Existing ideas thus far suggested include:

  • Establishing mentoring programs for graduate students and young faculty of color in the various sub-disciplines of anthropology.
  • Providing travel grants to the AAA Annual Meetings for ethnic and minority undergraduate and graduate students in anthropology.
  • Offering workshops and toolkits for anthropology department chairs on recruiting and retaining a more diverse faculty and undergraduate and graduate students.
  • Collate and Evaluation What Sections and Commissions Are Doing. Collect information on the class, race, ethnic and gender diversity of members by sections within the AAA and any efforts or program of sections to increase their own diversity. For example, the AD now provides travel grants to the meetings for underrepresented minority students. Consider offering funds to Sections to challenge them to come up with programs. Evaluate the need and potential funding sources for a section-based national mentoring program for graduate students and young faculty of color. The AEC currently has a group that is focused on minority educational issues and the CMIA administers a minority fellowship.
  • Collate and Evaluate Practicing Anthropology. What is the current status of diversity are what are the opportunities for increasing the diversity in anthropology in various public and practicing settings?
  • Who teaches Anthropology? Collect information on the teaching of anthropology at K-12, in tribal colleges, historically black colleges and universities (HBCUs) and community colleges. Who teaches anthropology? How does anthropology get taught? In what school and school systems is anthropology taught? Share information on outreach programs to K-12 and community colleges to encourage students to consider majoring in anthropology in college. Develop a plan to better reach diversify communities of students at the K-12 and community college level.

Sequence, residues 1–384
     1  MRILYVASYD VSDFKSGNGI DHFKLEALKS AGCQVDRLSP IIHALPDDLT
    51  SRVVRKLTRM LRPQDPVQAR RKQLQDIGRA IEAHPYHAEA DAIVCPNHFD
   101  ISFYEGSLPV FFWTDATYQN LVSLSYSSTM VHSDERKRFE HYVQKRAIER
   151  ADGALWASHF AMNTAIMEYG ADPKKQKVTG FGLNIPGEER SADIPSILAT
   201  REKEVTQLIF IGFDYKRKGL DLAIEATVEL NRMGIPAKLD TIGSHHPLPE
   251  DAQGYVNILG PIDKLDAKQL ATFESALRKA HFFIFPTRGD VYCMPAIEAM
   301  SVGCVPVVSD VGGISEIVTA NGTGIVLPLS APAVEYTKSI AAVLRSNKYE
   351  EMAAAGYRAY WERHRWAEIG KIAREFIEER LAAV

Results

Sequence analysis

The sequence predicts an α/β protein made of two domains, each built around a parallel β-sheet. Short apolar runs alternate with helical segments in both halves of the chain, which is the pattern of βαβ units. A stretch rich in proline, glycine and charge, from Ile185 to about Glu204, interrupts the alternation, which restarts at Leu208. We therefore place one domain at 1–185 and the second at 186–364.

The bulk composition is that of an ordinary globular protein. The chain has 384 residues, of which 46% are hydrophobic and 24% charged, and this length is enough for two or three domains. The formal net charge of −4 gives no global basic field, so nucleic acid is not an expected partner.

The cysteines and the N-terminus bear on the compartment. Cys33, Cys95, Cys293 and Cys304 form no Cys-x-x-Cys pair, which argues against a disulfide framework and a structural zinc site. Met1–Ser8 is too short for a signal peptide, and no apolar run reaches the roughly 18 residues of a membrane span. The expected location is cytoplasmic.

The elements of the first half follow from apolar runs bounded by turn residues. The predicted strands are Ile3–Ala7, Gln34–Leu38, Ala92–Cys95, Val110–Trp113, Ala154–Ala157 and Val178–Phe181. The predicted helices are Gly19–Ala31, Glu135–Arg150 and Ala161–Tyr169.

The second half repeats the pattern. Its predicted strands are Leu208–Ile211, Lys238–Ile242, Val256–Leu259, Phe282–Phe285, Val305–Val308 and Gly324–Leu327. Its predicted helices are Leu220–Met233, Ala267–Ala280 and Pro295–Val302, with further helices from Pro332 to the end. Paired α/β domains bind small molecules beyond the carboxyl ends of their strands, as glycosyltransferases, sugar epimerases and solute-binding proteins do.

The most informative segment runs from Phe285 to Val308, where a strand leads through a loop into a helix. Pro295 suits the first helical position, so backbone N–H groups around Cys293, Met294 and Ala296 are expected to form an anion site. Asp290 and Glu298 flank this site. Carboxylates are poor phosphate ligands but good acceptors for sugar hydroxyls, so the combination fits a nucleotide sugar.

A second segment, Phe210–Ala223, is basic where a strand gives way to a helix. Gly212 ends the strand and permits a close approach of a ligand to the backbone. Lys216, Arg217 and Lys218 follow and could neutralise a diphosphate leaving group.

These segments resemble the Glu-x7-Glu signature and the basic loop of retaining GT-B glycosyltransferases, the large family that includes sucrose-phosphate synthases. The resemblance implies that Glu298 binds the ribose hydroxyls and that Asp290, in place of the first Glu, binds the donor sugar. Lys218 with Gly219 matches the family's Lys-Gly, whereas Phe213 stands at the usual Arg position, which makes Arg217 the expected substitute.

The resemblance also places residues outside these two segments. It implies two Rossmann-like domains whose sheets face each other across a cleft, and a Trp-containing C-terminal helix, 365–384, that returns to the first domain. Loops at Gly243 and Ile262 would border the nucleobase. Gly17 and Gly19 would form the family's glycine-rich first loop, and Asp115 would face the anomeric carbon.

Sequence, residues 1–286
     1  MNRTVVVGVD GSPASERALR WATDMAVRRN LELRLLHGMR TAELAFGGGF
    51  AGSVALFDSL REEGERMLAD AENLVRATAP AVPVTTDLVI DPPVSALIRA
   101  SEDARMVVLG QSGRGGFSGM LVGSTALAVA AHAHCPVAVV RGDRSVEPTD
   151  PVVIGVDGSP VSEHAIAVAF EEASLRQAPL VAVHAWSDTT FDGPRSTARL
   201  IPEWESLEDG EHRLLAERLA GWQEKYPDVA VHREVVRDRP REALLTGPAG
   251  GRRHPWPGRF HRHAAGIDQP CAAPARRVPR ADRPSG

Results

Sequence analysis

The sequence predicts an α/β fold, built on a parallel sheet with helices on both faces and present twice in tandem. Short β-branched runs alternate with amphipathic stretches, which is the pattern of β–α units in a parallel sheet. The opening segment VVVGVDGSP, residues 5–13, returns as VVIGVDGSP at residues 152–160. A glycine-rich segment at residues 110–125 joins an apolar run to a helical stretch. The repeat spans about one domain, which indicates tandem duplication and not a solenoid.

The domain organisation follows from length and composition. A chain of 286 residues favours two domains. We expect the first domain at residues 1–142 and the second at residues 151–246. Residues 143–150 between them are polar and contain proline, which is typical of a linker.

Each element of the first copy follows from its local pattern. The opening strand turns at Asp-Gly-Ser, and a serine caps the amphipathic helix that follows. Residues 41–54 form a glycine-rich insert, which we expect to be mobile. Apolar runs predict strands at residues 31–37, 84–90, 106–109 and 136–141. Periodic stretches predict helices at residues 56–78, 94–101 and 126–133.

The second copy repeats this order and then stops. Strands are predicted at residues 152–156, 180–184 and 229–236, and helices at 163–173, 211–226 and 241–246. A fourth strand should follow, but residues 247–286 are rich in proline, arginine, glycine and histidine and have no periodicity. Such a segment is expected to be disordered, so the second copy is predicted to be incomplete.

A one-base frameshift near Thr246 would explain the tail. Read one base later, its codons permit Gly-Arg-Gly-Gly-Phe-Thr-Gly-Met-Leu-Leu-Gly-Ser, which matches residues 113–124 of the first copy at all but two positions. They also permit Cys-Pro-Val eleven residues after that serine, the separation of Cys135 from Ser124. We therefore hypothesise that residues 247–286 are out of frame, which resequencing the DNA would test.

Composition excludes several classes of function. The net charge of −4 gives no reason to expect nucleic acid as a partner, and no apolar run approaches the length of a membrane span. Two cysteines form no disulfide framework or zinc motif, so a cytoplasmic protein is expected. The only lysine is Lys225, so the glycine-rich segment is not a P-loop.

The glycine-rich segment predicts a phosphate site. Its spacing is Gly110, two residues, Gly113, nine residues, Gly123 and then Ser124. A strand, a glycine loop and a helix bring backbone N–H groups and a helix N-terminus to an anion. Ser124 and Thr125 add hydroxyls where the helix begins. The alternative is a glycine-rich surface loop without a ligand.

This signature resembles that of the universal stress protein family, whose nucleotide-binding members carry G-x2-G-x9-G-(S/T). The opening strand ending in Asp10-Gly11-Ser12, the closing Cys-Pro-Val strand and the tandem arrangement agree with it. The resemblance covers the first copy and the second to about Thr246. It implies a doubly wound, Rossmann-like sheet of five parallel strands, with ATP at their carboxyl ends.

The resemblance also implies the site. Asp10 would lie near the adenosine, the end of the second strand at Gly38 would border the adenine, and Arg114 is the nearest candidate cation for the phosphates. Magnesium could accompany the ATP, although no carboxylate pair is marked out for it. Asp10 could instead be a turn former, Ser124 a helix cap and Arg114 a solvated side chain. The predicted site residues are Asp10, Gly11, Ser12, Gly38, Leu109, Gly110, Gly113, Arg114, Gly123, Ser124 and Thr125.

• AAA Central Office. Working with the EB, collect data on the history and current state of diversify of staff within the AAA Office and develop a plan to increase diversity to reflect better the metropolitan DC area. This key initiative will be directed by a member of the Executive Board, with a report to the EB, and the possibility of an EB motion.
  • Educating Us. Develop ideas such as regular columns in the AN and plenary sessions and workshops at the AAA annual meetings to highlight the current state of diversity within the Association and efforts to increase diversity. Develop and discuss the ways in which privilege continues to operate in the AAA.
  • Ethnography of US. A number of individuals have suggested that we might try to support (fund?) our own students to study the careers of anthropologists, marginalized or privileged, as well as the institutions they belong to.
  • Funding: All of these activities will cost time and resources. With the help of AAA development, a key goal is to develop a comprehensive and fundable plan for future work.

Modalities of Work

How the commission goes about its work will largely be decided by its leadership and members. In general, the commission anticipates incorporating the following modalities of work:

  • Work plan – the commission will prepare a work plan that lays out a timetable, defines roles for commission members, details how it will work internally and with non commission members, articulates a set of concrete objectives, and identifies the work products it will produce such as reports, hearings, motions to the executive board, and grant applications.
  • Meetings – the commission will arrange conference calls and, where feasible, in-person meetings in order to conduct its business.
  • Communication – the commission will prepare regular progress reports that can be published in the Anthropology News. Such communications will highlight what the commission is working on, characterize discussions, and preview aspects of its future work.
  • Duration – three years

The commission will be composed of six members, two senior honorary co-chairs, and two co-chairs, with the AAA President and President-Elect serving in an ex-officio capacity. At least one member will be from the executive board and two from the Committee on Minority Issues in Anthropology. Based on criteria agreed upon with the co-chairs, members are appointed by the President. The commission will report to the executive board.

Commission Links